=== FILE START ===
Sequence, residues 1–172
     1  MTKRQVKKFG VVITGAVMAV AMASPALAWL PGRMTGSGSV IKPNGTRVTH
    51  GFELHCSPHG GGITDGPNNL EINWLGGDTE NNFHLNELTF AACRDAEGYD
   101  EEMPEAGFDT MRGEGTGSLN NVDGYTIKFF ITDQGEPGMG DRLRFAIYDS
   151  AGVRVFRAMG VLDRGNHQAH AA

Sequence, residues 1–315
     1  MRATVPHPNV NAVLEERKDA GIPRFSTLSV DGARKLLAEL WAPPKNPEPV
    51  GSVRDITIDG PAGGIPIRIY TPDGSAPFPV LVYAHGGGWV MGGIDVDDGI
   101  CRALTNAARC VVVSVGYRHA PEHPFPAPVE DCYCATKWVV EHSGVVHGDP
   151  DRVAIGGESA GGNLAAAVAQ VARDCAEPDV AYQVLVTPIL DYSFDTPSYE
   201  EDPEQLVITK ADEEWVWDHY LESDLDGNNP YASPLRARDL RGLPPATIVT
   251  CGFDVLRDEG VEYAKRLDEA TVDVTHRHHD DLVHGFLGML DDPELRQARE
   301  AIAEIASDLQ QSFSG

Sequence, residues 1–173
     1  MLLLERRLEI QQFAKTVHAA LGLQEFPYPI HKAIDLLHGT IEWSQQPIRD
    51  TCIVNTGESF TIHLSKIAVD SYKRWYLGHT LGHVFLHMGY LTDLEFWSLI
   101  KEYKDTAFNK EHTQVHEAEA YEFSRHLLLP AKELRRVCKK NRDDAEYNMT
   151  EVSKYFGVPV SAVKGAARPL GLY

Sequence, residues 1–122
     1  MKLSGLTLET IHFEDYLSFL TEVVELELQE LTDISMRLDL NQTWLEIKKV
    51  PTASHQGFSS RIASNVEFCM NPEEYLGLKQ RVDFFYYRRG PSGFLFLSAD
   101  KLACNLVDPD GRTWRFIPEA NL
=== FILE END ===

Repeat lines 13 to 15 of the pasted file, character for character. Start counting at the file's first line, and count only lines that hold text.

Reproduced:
   301  AIAEIASDLQ QSFSG

Sequence, residues 1–173
     1  MLLLERRLEI QQFAKTVHAA LGLQEFPYPI HKAIDLLHGT IEWSQQPIRD